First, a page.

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5. Toxic Effects of Martian Dust on Humans

2005: IVA-2
2010: 2C
Priority: Medium

2010 Version

2C. Investigation. Determine the possible toxic effects of martian dust on humans.

A discussion about the importance of the potential toxic effects of martian surface materials is detailed in the NRC report, “Safe on Mars (2002),” by the Committee on Precursor Measurements Necessary to Support Human Operations on the Surface of Mars. They considered the presence and distribution of CrVI, commonly called “hexavalent cromium,” especially important to understand because it is a strong human carcinogen. None of the past missions to Mars have carried instrumentation capable of measuring this species. Also discussed in the report are other potential cancer causing compounds, many of which are still of concern due to lack of sufficient data. Potential chronic effects like lung injury in the form of silicosis must also be studied in greater detail, preferably with a returned sample. Collection of data related to the measurements listed above was considered of highest priority from a risk perspective because the risk of insufficient data goes directly to the probability of loss of crew (pLOC). In terms of impact on design it was of comparatively less importance given the fact that EVA systems, as well as dust mitigation protocols and design features, would already be significant, driven by other environmental challenges and forward and back contamination protocols. Overall this investigation was seen to be of “medium” priority.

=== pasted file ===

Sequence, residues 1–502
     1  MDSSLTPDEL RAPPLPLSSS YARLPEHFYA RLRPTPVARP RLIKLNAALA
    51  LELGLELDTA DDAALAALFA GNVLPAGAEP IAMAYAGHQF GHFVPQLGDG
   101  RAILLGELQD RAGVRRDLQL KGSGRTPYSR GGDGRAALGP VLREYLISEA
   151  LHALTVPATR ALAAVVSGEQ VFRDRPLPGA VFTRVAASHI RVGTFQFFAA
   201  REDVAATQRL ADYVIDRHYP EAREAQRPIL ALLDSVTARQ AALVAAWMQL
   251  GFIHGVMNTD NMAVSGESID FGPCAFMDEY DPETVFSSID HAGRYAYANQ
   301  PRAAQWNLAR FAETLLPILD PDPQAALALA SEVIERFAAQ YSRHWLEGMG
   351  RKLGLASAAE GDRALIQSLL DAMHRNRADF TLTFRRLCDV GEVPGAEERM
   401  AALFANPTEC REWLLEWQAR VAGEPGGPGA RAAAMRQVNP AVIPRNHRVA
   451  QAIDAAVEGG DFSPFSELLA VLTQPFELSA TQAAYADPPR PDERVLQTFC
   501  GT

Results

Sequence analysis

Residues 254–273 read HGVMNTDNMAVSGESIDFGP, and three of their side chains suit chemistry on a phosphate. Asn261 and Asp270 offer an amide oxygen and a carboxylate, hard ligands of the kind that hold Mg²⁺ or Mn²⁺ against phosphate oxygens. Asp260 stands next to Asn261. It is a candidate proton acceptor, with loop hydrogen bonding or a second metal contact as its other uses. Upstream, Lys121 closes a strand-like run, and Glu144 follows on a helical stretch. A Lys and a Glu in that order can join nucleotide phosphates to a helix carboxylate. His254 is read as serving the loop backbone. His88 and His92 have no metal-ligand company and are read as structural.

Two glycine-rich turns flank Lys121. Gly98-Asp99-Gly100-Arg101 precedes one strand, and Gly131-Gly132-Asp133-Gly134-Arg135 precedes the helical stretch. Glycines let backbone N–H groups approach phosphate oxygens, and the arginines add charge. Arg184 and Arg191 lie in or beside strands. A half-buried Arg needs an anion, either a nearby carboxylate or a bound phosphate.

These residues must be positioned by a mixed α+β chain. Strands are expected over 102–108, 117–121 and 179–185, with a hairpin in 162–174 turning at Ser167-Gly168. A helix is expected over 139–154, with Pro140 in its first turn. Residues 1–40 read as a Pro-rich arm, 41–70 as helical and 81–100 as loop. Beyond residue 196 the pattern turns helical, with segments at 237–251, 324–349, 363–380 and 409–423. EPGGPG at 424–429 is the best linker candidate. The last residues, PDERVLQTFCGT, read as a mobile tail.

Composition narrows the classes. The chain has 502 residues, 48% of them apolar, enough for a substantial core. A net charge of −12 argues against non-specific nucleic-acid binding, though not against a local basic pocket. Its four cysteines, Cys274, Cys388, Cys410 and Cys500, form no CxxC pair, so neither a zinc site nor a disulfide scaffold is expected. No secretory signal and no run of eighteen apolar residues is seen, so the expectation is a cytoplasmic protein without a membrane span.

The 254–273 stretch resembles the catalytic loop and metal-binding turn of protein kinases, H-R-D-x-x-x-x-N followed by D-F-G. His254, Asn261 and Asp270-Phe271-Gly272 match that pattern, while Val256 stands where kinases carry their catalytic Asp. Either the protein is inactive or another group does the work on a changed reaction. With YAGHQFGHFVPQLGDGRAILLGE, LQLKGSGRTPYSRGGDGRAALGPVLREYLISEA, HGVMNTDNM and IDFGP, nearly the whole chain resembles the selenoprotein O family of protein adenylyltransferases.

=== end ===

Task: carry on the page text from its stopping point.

a. Assay for chemicals with known toxic effect on humans. Of particular importance are oxidizing species (e.g., CrVI) associated with dust-sized particles. May require a sample returned to Earth as previous assays haven’t been conclusive enough to retire risk.
b. Fully characterize soluble ion distributions, reactions that occur upon humidification and released volatiles from a surface sample and sample of regolith from a depth as large as might be affected by human surface operations. Previous robotic assays (Phoenix) haven’t been conclusive enough to significantly mitigate this risk.
c. Analyze the shapes of martian dust grains with a grain size distribution (1 to 500 microns) sufficient to assess their possible impact on human soft tissue (especially eyes and lungs).

MEPAG Goal IV Science Analysis Group (2010). “IV. Goal: Prepare for Human Exploration.”
Proposed replacement text for MEPAG (2008), Mars Scientific Goals, Objectives, Investigations, and Priorities. Submitted 2 August 2010.

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